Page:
If anybody from Amazon is reading this, please get in touch with me, and let me know what the thinking is behind this latest move that has so angered entities such as Filmmaker Magazine, HitFix, the IGDA and Seattle Metropolitan.  I’m sure your intentions are honorable (I have to hold on to that belief. I’m too big a fan!), so it’s just the implementation that requires review. At least you opted to revisit your approach to film makers (a little), so perhaps there’s hope you will listen to some sense, with respect to game developers.

If you happen to be in Seattle in a couple of weeks, you are warmly invited to attend a panel I am moderating at this year’s National Film Festival for Talented Youth (the world’s largest youth film festival). The panel will take place at 11:30am, Friday April 29th, in the renowned SIFF Cinema (located at 321 Mercer Street at 3rd Avenue, McCaw Hall, in the heart of Seattle Center’s Theatre district).

Keynote Panel: Sharing Your Vision in the Digital Age

Financing, distribution, intellectual property, platforms and channels – these are but a few of the considerations facing today’s filmmakers, living in a world that experiences entertainment and information far beyond the confines of a theater, with all the opportunities and threats inherent in this shifting paradigm (multiplatform distribution, day-and-date, elimination of physical reel, concentric campaigns, GoogleTV/Hulu/Netflix/YouTube, streaming media, content piracy, interactive storytelling, and so much more).

This panel will comprise renowned professionals with a variety of viewpoints along the expanding content spectrum, together exploring how the modern storyteller can best ensure that their story has the greatest possible impact and value.


Hayden Black
Hayden hails from Salford, England and created, produced and co-starred in the original version of “Goodnight Burbank” back in ’06. The webisodic version was nominated for a Best Comedy Webby ’08, and won numerous other “Best Of” awards from iTunes and others. His production company, Evil Global Corp, has also been behind two other hugely popular online comedies – “Abigail’s Teen Diary” and “The Occulterers”.  All three series have been met with critical acclaim and views number collectively in the tens of millions. His latest version of Goodnight Burbank, co-starring himself, Laura Silverman and Dominic Monaghan, is the first ever half-hour comedy to be created exclusively for the web. Hayden’s also spoken and/or keynoted at a variety of conferences, including NAB, Digital Hollywood and NATPE and received a Groundbreaker of the Year Award in March 2011 from the LA Web Festival. You can follow his musings at @haydenblack but be warned.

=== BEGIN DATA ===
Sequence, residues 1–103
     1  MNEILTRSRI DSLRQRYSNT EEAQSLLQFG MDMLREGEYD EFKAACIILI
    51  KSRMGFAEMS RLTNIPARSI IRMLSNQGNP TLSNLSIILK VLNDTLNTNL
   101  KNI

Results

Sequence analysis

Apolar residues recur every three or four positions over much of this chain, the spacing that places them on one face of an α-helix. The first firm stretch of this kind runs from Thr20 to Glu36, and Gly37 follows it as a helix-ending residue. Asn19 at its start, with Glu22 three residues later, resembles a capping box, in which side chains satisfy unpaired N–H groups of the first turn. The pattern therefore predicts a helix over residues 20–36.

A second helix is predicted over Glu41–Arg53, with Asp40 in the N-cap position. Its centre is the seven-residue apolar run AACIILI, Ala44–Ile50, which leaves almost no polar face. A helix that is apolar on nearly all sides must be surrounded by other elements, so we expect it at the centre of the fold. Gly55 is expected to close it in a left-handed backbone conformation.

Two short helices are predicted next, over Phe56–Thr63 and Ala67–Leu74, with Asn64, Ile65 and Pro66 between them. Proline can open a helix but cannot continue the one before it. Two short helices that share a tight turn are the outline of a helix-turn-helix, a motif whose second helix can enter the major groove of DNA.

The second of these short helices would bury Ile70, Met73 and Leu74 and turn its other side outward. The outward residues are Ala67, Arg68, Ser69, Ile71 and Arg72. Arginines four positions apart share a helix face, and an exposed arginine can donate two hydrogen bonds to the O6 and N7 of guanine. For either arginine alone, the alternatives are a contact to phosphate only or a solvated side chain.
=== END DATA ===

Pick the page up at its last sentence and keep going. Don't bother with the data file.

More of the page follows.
Valerie Van Galder
Valerie had a very successful ten year tenure at Sony Pictures, joining to launch Screen Gems in 1999, and subsequently rising quickly to take on the challenges of President of Marketing for Columbia Pictures, and co-president Worldwide Theatrical Marketing for Sony Pictures Entertainment, as well as, at one time, President of Tristar Pictures.  Since leaving Sony at the end of 2009 she has been consulting for such clients as MARV Productions (Matthew Vaughn), John Wells Productions, Summit Entertainment, Vendome Entertainment and the Walt Disney Company, where she is now heading up the marketing campaign for next month’s “Pirates of the Caribbean: On Stranger Tides.”

Van Galder has launched an impressive list of hits, including such blockbusters as “The Da Vinci Code,” “Casino Royale,” “Quantum of Solace,” “Hancock,” “Spider-Man” (TM), “You Don’t Mess with the Zohan,” “Paul Blart: Mall Cop,” “The Full Monty,” “The Ice Storm,” “The Exorcism of Emily Rose,” “Underworld,” “Resident Evil,” “Apocalypse,” “Boogeyman,” “You Got Served,” “Pineapple Express,” “Vantage Point,” “Superbad,” “Ghost Rider,” “The Pursuit of Happyness,” “Click,” “Talladega Nights: The Ballad of Ricky Bobby,” “RV,” “The Grudge 2,” “Gridiron Gang,” “Step Brothers,” “The Pink Panther,” “Monster House,” and Sony Pictures Animation’s first full length CGI feature film “Open Season,” among others.

Dana Brunetti
Dana is a feature film and television producer, President of Trigger Street Productions and long time business partner of company founder Kevin Spacey. Some of Brunetti’s credits include 21 (the story of MIT students who perfected the art of card counting and took Vegas for millions), “Fanboys,” the Emmy and Golden Globe nominated “Bernard and Doris,” “Casino Jack,” “Recount,” and others.  In 2009 Brunetti produced the film “The Social Network,” and his role as the producer of the project won him numerous accolades, including eight Academy Award nominations and a Golden Globe for Best Picture. In 2002 Brunetti and Kevin Spacey founded, an innovative and prescient social network for emerging film and writing talent. More recently he has been involved with several new initiatives to push the boundaries of digital distribution, including a groundbreaking deal with Netflix to distribute Fincher and Spacey’s House of Cards as well as in-house production of dynamic and original live and video-on-demand content for the web.

Stan Emert
Stan Emert is the creator/producer/president of RAINMAKERS.TV, a documentary TV/video series in partnership with a PBS affiliate, that celebrates the successes of people at the bottom of the economic pyramid; NGOs; and donors, who collaborate to improve the world.  Emert has spoken on corporate social responsibility before the American Film Institute, the World Bank, and to many other significant audiences around the US. An adjunct faculty member of the University of Washington, Emert is the author of two books, and the ghostwriter of five others.

Timothy Dubel
Tim is Microsoft Corporation’s Director of Global Community Affairs, responsible for development of strategy and implementation of global philanthropic programs.  His work focuses on community based citizenship, and enabling changemakers to impact society, be it through technology, social initiatives, or through the act of telling and preserving their stories. Prior to Microsoft, Tim was with the US Agency for International Development (USAID), where he managed private sector development programs in Eastern Europe and the former Soviet Union.

Moderator – Nicholas de Wolff

Click here to buy tickets.